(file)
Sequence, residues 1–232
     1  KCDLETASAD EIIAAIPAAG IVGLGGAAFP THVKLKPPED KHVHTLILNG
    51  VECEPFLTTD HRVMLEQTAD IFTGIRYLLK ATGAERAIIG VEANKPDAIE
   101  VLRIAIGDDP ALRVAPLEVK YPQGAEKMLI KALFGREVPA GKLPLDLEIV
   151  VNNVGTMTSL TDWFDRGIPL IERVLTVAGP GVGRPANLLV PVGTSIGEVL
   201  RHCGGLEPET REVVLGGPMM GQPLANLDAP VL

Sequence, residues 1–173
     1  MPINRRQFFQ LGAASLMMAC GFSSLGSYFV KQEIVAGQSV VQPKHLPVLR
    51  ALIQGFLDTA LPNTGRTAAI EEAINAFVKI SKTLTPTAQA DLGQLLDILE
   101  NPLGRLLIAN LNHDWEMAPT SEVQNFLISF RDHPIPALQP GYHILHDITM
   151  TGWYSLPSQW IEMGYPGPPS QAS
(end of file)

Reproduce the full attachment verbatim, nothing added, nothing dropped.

Sequence, residues 1–232
     1  KCDLETASAD EIIAAIPAAG IVGLGGAAFP THVKLKPPED KHVHTLILNG
    51  VECEPFLTTD HRVMLEQTAD IFTGIRYLLK ATGAERAIIG VEANKPDAIE
   101  VLRIAIGDDP ALRVAPLEVK YPQGAEKMLI KALFGREVPA GKLPLDLEIV
   151  VNNVGTMTSL TDWFDRGIPL IERVLTVAGP GVGRPANLLV PVGTSIGEVL
   201  RHCGGLEPET REVVLGGPMM GQPLANLDAP VL

Sequence, residues 1–173
     1  MPINRRQFFQ LGAASLMMAC GFSSLGSYFV KQEIVAGQSV VQPKHLPVLR
    51  ALIQGFLDTA LPNTGRTAAI EEAINAFVKI SKTLTPTAQA DLGQLLDILE
   101  NPLGRLLIAN LNHDWEMAPT SEVQNFLISF RDHPIPALQP GYHILHDITM
   151  TGWYSLPSQW IEMGYPGPPS QAS